sees many rich men miserable, and many poor men happy. He blesses God for
his daily bread; eats his food with gladness and singleness of heart; and
praises God for his hourly mercies flowing to him through that precious
medium of communication between heaven and earth, the Lord Jesus Christ.
He has, however, covetous desires. He covets earnestly the best gifts. He
longs and labors to possess these eternal blessings, which never cloy, but
increase the joy and happiness of the soul by their increased possession. He
prays with fervent desire for the graces of faith and love; for humility and
purity; for the filling of the Spirit; for the presence of the Savior; for
the love of the Father; for a heart filled with all the fulness of God.
This is the happy man, whose desires are accomplished. He delights in the
Lord, and the God of all grace gives him the desires of his heart. The
character of his life is contentment with moderation in earthly things,
combined with ardent desires after the increase of spiritual blessings. He
is diligent in business as a duty; fervent in spirit as a blessedness;
active in serving the Lord as his highest honor.
Oh! for this contentment, this thirsting after God, this devotedness to his
service and glory! He who trusts in riches, is like one who endeavors to
repose upon the foam of a tempestuous sea. No sooner does he throw himself
upon it, than it separates, and he sinks as lead in the waters; while he who
trusts in the Lord, resembles the man, who, securely stationed upon a rock,
sees the billows spend their fury at his feet. He views the wild uproar, and
smiles at the storm.
In this fallen world, where sin has planted sorrows in awful profusion, is
it not amazing, that creatures, liable to continual change, are not
solicitous to find a shelter from the tempest? They are anxious, indeed, to
obtain rest, but they seek for it where it never can be found—in earthly
Men are apt to imagine, that if they can only amass a fortune, and reach the
hill of prosperity, they shall escape those troubles which overwhelm the
many who dwell in the valley below. But are not mountains the most exposed
to storms? Are they not the most bleak and barren parts of the earth? while
the sheltered valleys stand so thick with corn, that, in the poetic language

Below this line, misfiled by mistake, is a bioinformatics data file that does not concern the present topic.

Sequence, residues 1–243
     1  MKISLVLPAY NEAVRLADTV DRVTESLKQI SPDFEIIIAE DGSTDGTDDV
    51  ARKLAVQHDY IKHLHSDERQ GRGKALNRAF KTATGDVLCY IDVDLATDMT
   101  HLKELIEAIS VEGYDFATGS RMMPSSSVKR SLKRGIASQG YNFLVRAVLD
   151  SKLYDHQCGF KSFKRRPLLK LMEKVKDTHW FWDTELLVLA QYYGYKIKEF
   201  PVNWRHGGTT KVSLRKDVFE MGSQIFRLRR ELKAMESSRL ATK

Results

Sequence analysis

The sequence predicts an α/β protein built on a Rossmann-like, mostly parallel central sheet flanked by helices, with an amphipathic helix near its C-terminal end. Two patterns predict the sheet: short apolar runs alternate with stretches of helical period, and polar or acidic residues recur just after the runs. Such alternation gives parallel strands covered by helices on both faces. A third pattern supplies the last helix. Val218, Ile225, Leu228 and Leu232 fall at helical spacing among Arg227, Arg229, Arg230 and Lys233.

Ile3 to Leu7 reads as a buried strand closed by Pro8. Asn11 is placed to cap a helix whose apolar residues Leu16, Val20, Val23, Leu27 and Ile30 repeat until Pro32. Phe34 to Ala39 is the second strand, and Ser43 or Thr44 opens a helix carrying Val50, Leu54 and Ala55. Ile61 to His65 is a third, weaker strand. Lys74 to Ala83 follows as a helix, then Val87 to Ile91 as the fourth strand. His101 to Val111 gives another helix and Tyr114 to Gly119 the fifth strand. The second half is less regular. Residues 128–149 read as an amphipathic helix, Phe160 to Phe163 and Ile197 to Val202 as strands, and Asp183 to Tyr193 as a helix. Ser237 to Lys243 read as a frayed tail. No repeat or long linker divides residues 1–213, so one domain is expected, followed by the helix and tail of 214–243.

of David, "they laugh and sing?"
History furnishes abundant proofs that elevated stations expose men to
perpetual dangers, and cause the soul to be barren in those fruits of peace,
contentment, and piety, which enrich the heart of the lowly, retired
believer. Why, then, should I envy the great, or labor to be rich? Even if I
should happily escape the common snares of wealth, yet death will soon
transfer it into other hands, and then what will all my riches profit, if at
that solemn period I should be destitute of faith and love!
"Lord, make me anxious for the true riches. May I daily lay up my treasure
in heaven. May my heart be there. Let no idol be seated on the throne of my
affections. May you reign the sovereign Lord within. Oh! may all my powers
be subject unto you. May I own no sway but yours. All will then be well.
Whether prosperous or afflicted, all things shall work together for my
The Scriptures point out in the strongest manner the danger of riches. Many
monuments of wrath are there presented to our view. Achan, Gehazi, Judas,
Ananias, and Sapphira, being dead, yet speak with warning voice. The love of
money proved their downfall.
We all naturally love ease. We have a natural love of rest. Toil and pain
are alike irksome to the savage and the sage. Those earthly possessions
which promise the greatest portion of enjoyment, are the most coveted by
mankind in general. In civilized countries it may be said, in the expressive
language of Solomon, "Money answers all things." It is able to procure for
us those various conveniences which tend to smooth the path of life. It
provides us with food and clothing; with innumerable elegancies and
superfluities; with opportunities of extending our researches after